top of page
bluebells Micheldever wood.jpg

The first thought about seeing these masses of Bluebells is to wade through them and try and get a closer shot, please try not to as they are damaged very easily. There are plenty of opportunities to take them from the various footpaths in the wood.

Micheldever Wood


Orange Tips are very easy to see along the bridleways and footpaths and can be seen in late April and throughout May 

Primrose April 2014 (2).jpg



Micheldever Woods in Hampshire are located a short distance from the small city of Winchester. While the woods are lovely for walks all through the year, it is in the spring that they show their true beauty and colours. Bluebells coast the floor in a deep blue that changes to lilac as the setting sun moves through the sky, all with the heady scent of the flowers hanging in the air.




The woods at Micheldever are small in comparison to other woodlands in the UK but they provide the perfect environment for a range of wildlife species. Roe and fallow deer can be found in the woods as well as many species of flowers and butterflies, like the Orange Tip, and Brimstone in the spring, and in the summer months the Silver-Washed Fritillary can be seen flying up and down the rides and feeding off of the Bramble flowers. Occasionally the mighty Purple Emperor may well grace you with its presence, but it is an uncommon butterfly, and you have to know where to look for it. It is predominantly a beech wood although conifer trees appear to break up the delicate branches of the beech trees. Paths twist through the woods making it perfect for a circular walk. It is managed by the Forestry Commission who maintain the paths and scrub.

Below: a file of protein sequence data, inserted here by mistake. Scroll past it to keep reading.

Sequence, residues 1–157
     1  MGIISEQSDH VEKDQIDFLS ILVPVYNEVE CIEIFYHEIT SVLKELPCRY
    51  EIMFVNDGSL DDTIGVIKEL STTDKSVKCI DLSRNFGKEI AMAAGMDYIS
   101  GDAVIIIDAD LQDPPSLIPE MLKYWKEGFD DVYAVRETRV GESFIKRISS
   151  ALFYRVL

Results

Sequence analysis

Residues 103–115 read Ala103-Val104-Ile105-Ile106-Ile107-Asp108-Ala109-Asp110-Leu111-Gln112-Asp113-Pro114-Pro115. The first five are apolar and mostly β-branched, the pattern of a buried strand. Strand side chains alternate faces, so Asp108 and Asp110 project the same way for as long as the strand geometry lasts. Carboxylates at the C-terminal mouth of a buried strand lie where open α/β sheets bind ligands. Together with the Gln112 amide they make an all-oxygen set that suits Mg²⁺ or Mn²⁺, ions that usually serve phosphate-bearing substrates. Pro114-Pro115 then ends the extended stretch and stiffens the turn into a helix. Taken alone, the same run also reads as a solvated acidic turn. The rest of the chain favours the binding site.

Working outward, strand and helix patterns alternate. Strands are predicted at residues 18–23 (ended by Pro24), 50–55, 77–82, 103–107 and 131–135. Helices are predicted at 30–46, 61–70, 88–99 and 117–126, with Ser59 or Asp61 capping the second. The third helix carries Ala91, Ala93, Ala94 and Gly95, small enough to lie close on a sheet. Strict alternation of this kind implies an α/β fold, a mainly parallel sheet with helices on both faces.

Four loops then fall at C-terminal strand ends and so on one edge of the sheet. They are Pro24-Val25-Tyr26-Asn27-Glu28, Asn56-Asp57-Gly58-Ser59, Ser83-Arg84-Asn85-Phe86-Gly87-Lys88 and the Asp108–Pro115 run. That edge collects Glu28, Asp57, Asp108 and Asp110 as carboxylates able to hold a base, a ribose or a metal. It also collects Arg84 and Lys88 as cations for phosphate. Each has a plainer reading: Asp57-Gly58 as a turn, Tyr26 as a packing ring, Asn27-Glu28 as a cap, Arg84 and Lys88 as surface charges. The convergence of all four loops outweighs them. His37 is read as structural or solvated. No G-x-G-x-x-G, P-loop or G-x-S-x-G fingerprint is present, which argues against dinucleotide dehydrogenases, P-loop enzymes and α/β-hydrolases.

In April and May the woodland floor is blanketed in a covering of bluebells. The shade from the dense beech trees means that undergrowth does not suffocate the bluebells that grow before the canopy blocks out the light.



251.40 ha (621.21 acres)

Grid reference:


Primroses are found throughout the woodland, in areas of coppice and where old trees have fallen. The Duke of Burgundy was once found at this site, but alas no longer.


The Silver-Washed Fritillary is quite a common butterfly in the summer months June July and early August, and the Purple Emperor has also been seen here in the past.


Fallow Deer and Roe deer can be seen in the early mornings in the meadows surrounding the woodland, and occasionally if your lucky in the woods themselves. Hearing them barking is a sure sign they are around, and know you are there.


I tend to use a telephoto lens for these types of photographs and condenses the Bluebells into a Blue carpet. Bluebells are best seen in mid-April.


Great Spotted Woodpeckers are often seen flying in and around the rides, and are best observed in the early spring, when they will call to each other with their distinctive hammer sound on the bark of old trees.

bottom of page